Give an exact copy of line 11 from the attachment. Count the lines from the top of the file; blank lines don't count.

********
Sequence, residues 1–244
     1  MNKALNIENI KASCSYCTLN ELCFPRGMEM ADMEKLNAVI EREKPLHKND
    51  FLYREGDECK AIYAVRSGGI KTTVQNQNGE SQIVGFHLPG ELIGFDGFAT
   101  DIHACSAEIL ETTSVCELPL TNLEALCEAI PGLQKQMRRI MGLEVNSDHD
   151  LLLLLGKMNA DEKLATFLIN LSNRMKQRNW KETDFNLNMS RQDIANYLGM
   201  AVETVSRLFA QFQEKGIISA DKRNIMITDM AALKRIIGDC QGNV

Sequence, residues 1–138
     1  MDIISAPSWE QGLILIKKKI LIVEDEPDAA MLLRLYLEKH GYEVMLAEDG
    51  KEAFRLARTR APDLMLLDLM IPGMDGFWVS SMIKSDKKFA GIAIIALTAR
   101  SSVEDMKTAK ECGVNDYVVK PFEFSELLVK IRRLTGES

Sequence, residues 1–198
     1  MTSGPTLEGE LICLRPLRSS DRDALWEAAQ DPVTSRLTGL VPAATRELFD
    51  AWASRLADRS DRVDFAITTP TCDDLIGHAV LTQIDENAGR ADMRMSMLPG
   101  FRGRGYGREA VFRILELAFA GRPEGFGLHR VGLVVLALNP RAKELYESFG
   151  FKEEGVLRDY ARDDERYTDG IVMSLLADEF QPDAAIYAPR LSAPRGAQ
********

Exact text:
Sequence, residues 1–198